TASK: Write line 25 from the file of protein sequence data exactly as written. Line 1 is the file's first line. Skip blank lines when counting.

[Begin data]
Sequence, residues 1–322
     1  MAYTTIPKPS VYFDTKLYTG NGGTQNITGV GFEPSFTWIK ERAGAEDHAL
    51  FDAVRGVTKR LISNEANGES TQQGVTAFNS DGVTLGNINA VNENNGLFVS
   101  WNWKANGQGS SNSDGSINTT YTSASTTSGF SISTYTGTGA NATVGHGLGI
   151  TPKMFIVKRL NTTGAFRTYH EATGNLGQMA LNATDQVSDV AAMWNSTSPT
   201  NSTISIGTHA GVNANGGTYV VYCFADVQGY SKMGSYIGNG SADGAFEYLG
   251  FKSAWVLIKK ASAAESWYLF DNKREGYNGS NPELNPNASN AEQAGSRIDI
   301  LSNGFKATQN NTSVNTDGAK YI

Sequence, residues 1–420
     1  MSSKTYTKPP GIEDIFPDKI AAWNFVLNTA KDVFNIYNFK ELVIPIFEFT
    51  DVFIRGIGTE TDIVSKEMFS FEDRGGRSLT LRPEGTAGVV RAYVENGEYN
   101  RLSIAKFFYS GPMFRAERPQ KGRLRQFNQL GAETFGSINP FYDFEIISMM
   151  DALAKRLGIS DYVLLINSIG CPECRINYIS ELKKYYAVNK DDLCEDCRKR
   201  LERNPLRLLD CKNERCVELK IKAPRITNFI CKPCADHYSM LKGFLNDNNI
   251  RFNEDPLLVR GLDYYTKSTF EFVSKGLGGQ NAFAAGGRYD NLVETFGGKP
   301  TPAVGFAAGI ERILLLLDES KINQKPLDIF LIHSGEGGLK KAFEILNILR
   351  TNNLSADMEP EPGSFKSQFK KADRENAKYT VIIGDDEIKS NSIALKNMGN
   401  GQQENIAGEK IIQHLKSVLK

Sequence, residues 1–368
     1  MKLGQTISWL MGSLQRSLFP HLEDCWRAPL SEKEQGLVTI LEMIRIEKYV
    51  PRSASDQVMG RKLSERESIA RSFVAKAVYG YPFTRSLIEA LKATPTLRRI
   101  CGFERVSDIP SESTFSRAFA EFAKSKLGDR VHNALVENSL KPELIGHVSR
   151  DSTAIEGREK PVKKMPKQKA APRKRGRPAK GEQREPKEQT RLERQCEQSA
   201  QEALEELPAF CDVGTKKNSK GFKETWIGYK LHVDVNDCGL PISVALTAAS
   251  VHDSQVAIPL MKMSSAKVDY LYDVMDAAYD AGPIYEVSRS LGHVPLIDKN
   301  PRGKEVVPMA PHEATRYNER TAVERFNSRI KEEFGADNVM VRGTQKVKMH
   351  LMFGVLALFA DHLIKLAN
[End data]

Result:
   251  VHDSQVAIPL MKMSSAKVDY LYDVMDAAYD AGPIYEVSRS LGHVPLIDKN